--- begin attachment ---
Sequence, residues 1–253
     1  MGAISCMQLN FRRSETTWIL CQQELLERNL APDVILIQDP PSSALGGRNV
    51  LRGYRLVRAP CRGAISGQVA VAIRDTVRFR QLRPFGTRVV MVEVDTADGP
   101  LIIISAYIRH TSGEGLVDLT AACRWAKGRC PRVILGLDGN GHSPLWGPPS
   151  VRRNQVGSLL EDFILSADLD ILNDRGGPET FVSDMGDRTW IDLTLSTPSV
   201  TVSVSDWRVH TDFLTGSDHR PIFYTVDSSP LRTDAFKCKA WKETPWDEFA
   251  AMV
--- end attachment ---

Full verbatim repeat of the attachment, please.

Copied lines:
Sequence, residues 1–253
     1  MGAISCMQLN FRRSETTWIL CQQELLERNL APDVILIQDP PSSALGGRNV
    51  LRGYRLVRAP CRGAISGQVA VAIRDTVRFR QLRPFGTRVV MVEVDTADGP
   101  LIIISAYIRH TSGEGLVDLT AACRWAKGRC PRVILGLDGN GHSPLWGPPS
   151  VRRNQVGSLL EDFILSADLD ILNDRGGPET FVSDMGDRTW IDLTLSTPSV
   201  TVSVSDWRVH TDFLTGSDHR PIFYTVDSSP LRTDAFKCKA WKETPWDEFA
   251  AMV